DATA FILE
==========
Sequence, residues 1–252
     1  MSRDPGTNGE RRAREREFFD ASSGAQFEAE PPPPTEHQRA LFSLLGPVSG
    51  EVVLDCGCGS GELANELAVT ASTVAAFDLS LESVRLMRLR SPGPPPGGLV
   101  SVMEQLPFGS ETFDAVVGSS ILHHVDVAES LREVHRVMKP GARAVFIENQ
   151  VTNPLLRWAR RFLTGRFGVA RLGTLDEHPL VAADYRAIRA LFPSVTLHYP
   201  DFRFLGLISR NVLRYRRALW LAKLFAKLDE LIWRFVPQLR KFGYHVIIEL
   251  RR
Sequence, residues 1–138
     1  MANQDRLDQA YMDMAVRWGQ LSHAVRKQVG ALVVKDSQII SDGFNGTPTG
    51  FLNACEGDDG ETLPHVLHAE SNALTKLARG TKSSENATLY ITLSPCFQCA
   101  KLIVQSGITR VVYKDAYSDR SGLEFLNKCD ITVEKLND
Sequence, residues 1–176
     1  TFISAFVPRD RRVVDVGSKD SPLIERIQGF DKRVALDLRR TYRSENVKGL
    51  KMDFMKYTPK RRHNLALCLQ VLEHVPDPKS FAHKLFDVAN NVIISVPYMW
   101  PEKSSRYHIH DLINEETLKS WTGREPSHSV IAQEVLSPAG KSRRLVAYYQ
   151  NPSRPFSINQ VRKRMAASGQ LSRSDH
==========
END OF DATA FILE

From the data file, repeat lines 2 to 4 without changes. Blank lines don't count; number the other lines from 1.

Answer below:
     1  MSRDPGTNGE RRAREREFFD ASSGAQFEAE PPPPTEHQRA LFSLLGPVSG
    51  EVVLDCGCGS GELANELAVT ASTVAAFDLS LESVRLMRLR SPGPPPGGLV
   101  SVMEQLPFGS ETFDAVVGSS ILHHVDVAES LREVHRVMKP GARAVFIENQ